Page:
University of Georgia
Some new gardeners shop hard for the best gloves, hat or kneeling mat. Some new gardeners in Thomas County gear up by wearing matching outfits and working with whatever tools the warden lets them use for the day.
Inmates at the Thomas County Prison in Thomasville, Ga., grow their own food as part of a pilot project designed to teach them new skills and save the prison money.
The prison spends $5,000 a week for food. Of that, $1,000 or more goes to buying produce, Warden Robert Greer said during a recent television interview. Less than $1,000 has been invested in the whole garden project.
R.J. Byrne heard Greer talking about his predicament at a committee meeting. He had a solution.
“I thought, ‘Gosh,’ they’ve got some land out there and 200-plus inmates out there, so we started a garden,” said Byrne, a University of Georgia Cooperative Extension agent in Thomas County. “You can grow some form of vegetable or fruit year-round out here.”
The garden is located on the old county farm. Back in the 1960s and ‘70s, the prison used it to grow vegetables and raise cows, hogs and chickens.
Under Byrne’s guidance, inmates have turned an acre of weeds into a plot teeming with corn, cucumbers, tomatoes, okra, beans and watermelons. Even with startup costs for seed, transplants and fertilizer, he estimates that the prison will save several thousand dollars this year.
Greer got as many as 50 inmates involved during the planning, planting and weeding. And Byrne pulled the community into the project through his county’s Master Gardener program.
“What I originally thought was that the Master Gardeners would give the inmates the chance to talk to somebody outside of the cell and have some positive influence on their lives,” Byrne said.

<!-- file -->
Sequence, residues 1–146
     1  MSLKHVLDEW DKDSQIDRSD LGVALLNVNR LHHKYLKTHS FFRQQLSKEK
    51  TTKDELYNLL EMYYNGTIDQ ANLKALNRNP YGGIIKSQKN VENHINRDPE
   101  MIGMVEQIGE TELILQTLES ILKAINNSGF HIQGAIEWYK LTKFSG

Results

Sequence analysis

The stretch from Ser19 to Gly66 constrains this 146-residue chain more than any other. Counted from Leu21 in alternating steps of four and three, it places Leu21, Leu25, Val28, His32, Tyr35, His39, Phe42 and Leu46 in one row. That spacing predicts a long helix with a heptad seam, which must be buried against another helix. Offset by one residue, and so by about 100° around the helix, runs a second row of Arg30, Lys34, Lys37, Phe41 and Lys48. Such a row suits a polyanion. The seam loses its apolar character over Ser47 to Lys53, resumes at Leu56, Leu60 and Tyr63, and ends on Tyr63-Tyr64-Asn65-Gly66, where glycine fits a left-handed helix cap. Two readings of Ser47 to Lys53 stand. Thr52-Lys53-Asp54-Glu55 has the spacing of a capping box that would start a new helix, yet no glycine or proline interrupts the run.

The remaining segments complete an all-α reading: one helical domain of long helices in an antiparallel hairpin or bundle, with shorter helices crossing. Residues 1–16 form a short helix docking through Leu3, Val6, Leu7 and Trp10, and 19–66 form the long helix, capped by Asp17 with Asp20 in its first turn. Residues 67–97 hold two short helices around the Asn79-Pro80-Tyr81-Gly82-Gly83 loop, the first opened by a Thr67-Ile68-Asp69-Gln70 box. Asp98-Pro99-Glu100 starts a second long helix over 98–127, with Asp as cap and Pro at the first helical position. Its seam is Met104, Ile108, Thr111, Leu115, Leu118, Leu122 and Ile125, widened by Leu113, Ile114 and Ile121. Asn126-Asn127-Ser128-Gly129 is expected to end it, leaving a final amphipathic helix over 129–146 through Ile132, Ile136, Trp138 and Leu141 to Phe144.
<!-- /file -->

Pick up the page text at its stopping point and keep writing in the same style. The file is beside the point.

The Master Gardeners ran with the idea, and now they help scout the garden for insect or disease problems. They also work in the garden alongside the inmates.
Many of the inmates work the garden when they’re needed. But for two of them, it’s their full-time project.
“That is their garden,” Byrne said. “They’re out there all the time. Four to six other inmates cycle through helping out, but it’s their sole responsibility to be in charge of the garden.”
Their work has paid off. They’re now picking cucumbers, tomatoes, peppers and squash. They’re waiting eagerly for the first watermelons to be big enough to pick.
“The bees are working hard out there, too, to get everything pollinated,” Byrne said. “The warden’s talking about having honeybee hives out there. He’s always ambitious about trying new things.”
Along with bees, he’s hoping to grow the garden to include the three surrounding acres.
The project is Byrne’s first attempt at growing a large-scale garden, he said.
“It’s been a good learning experience for everybody, including myself … Growing up, we always had a vegetable garden, so some of the growing practices I already knew. But on a larger scale, it can be a little more intimidating.”
(Stephanie Schupska is a news editor for the University of Georgia College of Agricultural and Environmental Sciences.)
(Stephanie Schupska is a news editor with the University of Georgia Public Affairs Office.)